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March 24, 1947

JOHNSON et al.

The opinion of the court was delivered by: FEE

This trial, before a jury, resulted in the conviction of Donald M. Johnson, Miller A. Johnson, sons of former federal judge Albert W. Johnson of this district, Jacob Greenes and John Memolo, and the acquittal of Albert W. Johnson, Jr. and ex-Judge Johnson.

At the close of the evidence for the Government, motions for acquittal were made by all defendants. These motions were reserved and denied just before the court instructed the jury. At the close of all the evidence, the defense having introduced testimony, all defendants made motions for acquittal which have been reserved. Finally, after a verdict of conviction, motions for acquittal were made on behalf of the four convicted defendants. The court denied all these motions and will discuss in this opinion the matters which were urged upon the previous arguments.

 As regards the statute of limitations, the court found at the close of the Government's case, that there was evidence from which it might be inferred there was a continuing conspiracy of which all defendants were participants and that some of the acts alleged as overt acts in the indictment had been proved to have occurred. Thus a prima facie case was made out. The bar of the statute is a matter of defense. It cannot be raised by demurrer or motion for judgment of acquittal at the close of the evidence offered by the Government. *fn1" The court reserved the motions upon the theory that in developing the defense that the conspiracy ended in 1939 with the payment of the Williamsport fees, the court might find implications which would explain some of the evidence of the prosecution and thus permit the court to sustain the motions for acquittal as of the end of the Government's case. Since no such implications were developed by the defendants in attempting to make out the defense of the statute of limitations, the court denied the reserved motions, at the close of all the evidence

 When all the evidence is taken into consideration there are several matters which indicate the continuance of the conspiracy past September 11, 1942. The first of these are matters relating to concealment. The second are definite acts. The third are admissions of the defendants Greenes and Memolo respectively.

 It is definitely charged in the indictment that one of the subsidiary objects of the conspiracy was the concealment of the acts and designs of the conspirators. Michael, who was charged as a co-conspirator, testified that he committed perjury before the Grand Jury by denying knowledge of conversations with Donald Johnson and of actions of Donald Johnson in reference to the transfer of the assets of Central Forging Company. He now tells an entirely different story regarding these incidents. He testified that he took this course in order to protect himself and Donald Johnson from the consequences of disclosure. He adhered to this course of conduct until he himself had been indicted in the other conspiracy case.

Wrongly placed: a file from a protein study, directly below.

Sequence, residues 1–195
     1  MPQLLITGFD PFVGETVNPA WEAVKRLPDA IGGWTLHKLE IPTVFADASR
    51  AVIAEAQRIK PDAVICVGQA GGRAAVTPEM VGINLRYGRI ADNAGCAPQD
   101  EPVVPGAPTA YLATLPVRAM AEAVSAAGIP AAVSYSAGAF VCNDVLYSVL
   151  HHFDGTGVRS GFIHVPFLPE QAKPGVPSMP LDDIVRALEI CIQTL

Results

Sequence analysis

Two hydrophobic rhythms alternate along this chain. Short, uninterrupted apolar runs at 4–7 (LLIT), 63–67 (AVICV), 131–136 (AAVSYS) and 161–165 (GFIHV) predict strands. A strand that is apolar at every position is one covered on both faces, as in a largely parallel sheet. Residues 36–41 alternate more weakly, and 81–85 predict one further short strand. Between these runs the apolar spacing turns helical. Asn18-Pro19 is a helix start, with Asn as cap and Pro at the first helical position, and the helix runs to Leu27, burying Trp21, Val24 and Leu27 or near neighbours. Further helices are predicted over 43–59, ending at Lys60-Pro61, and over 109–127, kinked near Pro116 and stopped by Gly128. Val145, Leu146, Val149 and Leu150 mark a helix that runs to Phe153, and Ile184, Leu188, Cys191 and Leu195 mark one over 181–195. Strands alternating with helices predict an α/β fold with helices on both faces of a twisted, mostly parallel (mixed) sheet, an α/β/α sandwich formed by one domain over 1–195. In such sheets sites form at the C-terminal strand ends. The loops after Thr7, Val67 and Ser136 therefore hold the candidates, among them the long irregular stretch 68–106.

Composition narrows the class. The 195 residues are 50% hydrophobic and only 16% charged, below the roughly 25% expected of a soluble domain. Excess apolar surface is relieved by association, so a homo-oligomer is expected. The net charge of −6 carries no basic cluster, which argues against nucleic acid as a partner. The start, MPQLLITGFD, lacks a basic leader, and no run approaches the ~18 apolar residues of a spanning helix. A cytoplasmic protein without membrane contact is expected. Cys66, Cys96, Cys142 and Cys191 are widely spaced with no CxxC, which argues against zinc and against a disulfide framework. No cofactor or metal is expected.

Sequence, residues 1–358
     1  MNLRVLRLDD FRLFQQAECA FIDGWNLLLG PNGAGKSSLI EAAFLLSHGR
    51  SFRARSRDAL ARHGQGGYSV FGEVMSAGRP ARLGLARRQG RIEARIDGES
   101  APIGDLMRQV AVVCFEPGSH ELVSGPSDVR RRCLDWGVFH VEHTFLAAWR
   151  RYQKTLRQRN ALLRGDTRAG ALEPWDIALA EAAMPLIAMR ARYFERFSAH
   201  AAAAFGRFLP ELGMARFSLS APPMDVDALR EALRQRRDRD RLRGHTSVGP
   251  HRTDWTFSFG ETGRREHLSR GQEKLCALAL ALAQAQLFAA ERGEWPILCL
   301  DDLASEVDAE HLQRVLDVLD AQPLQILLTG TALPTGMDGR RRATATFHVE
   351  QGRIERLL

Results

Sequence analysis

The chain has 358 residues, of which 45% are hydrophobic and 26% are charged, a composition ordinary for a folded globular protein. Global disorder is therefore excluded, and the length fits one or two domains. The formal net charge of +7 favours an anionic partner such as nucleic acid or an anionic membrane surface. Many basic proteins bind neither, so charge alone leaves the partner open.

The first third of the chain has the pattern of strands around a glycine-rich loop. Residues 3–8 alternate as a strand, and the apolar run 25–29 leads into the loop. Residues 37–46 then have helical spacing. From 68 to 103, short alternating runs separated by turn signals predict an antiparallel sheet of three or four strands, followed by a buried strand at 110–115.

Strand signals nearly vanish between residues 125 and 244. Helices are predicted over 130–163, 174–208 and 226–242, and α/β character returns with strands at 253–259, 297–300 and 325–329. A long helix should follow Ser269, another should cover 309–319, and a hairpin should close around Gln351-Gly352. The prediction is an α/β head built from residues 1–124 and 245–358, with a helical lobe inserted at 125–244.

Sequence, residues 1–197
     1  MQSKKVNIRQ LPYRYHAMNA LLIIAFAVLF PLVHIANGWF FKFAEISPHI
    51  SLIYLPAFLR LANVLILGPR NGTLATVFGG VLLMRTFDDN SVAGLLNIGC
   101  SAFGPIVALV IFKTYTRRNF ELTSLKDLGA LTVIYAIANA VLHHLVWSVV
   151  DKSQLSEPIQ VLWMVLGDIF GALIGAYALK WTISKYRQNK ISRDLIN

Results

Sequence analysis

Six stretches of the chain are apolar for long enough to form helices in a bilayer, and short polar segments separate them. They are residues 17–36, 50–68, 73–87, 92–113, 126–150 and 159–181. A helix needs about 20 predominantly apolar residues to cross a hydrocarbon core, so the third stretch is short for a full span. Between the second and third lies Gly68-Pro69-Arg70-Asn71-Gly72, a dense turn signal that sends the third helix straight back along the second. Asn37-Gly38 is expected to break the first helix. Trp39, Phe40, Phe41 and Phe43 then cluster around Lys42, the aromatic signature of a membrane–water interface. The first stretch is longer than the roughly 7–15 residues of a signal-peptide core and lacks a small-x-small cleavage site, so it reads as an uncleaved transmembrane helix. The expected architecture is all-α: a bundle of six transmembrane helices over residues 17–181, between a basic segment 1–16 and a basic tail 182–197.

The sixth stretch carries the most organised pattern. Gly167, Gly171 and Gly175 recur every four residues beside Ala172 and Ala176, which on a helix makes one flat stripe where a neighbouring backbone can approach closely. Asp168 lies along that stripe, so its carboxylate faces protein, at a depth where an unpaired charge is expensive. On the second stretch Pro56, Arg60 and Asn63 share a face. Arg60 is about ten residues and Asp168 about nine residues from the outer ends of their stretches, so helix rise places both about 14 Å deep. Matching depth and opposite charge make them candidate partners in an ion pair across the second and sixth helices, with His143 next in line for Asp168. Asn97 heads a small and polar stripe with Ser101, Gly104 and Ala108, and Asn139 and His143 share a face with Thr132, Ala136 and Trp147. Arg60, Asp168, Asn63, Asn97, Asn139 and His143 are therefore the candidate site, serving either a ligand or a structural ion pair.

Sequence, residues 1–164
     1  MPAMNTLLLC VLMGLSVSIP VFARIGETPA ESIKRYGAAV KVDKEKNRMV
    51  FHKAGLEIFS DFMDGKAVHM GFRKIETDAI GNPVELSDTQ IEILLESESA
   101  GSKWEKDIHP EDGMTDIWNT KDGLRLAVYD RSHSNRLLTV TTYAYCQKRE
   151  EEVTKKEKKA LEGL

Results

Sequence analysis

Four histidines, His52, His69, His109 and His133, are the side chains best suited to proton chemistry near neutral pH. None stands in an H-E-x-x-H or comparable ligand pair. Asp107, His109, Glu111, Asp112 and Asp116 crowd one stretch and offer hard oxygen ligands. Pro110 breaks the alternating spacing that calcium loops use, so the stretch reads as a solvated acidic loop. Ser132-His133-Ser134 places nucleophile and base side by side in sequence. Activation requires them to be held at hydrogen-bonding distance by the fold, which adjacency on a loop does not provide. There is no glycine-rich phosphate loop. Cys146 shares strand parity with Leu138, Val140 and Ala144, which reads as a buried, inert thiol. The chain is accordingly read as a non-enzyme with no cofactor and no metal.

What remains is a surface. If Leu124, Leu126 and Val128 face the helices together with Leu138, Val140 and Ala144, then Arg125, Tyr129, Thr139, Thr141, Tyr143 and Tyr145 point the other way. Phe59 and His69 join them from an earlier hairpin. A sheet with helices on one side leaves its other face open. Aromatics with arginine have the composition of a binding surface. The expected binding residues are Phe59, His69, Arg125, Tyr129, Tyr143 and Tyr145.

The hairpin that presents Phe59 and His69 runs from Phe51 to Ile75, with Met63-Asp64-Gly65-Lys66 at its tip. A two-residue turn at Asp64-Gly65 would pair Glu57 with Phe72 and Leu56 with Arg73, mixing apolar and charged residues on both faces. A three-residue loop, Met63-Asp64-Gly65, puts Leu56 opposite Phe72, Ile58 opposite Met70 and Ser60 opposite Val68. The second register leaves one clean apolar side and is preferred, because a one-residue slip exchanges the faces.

He testified that his action in concealing the facts from the Grand Jury was taken after two conferences with Donald Johnson. Donald Johnson testified also as to these two meetings. The stories are diametrically opposed as to what happened. However, the jury might well conclude that at the meeting of Michael, Miller Johnson and Donald Johnson at Michael's house when he had not yet been investigated but after Miller Johnson and Donald Johnson had been called before the Grand Jury, and at the conversation between Donald Johnson and Michael at the latter's place of business at Clarks Summit, that Michael had agreed to conceal the actions of the various parties from the Grand Jury and that Miller Johnson and Donald Johnson themselves had concealed from the Grand Jury the designs and actions of the defendants. At the time this testimony was first admitted, it was limited to the particular defendants involved, but when Donald Johnson testified, the evidence became available against all defendants. The conclusions which the jury might have drawn from this evidence are sufficient to show the conspiracy continued until at least the indictment of Michael.

 A similar incident relates to the check which Abe Greenes sent to Donald Johnson. The Government proved that Jacob Greenes, the defendant, gave his brother Abe Greenes a sum of money in cash and asked Abe Greenes to send a check to Donald Johnson for $ 350. Abe Greenes testified in the Government's case that he sent the check; that he did not know what the money was for; that he owed no money to Donald Johnson; and that he was subsequently told by Jacob Greenes that it had been agreed that the money was to be explained as an attorney fee to Donald Johnson for obtaining the concession of a cigar stand in the Jermyn Hotel. Neither the date of the check nor the date of the agreement for concealment was established in the prosecution's case. It might, therefore, have been explained that the date of these transactions was before September 11, 1942, and this, of course, would have had an effect upon the granting of the reserved motions.

 However, the defense proved positively by a teller in the bank, and Donald Johnson's own records, that the date of the check was October 6, 1942, thus showing an action in relation to money transactions between Jacob Greenes and Donald Johnson as of this date. The evidence introduced by the defense also tends to show that Donald Johnson attempted to conceal this transaction in his books. Furthermore, he admitted on cross-examination that he met with Jacob Greenes at Salzburg's office and discussed this check. At that time he told Jacob Greenes that there was nothing to explain; that the check was for legal services and that was all there was to it. This is the message which Jacob Greenes then transmitted to Abe Greenes and concerning which Abe Greenes testified in the Government's case. From this evidence, the jury might well conclude that Jacob Greenes and Donald Johnson were acting together after September 11, 1942, and that there was a deliberate effort to conceal the transaction sometime in 1944 by giving a false explanation. *fn2" Thus the testimony of the defense, instead of establishing that the acts were barred by statute, gave proof positive that they had happened within three years before September 11, 1945, and the only question was whether or not these acts had relation to the conspiracy charged in the indictment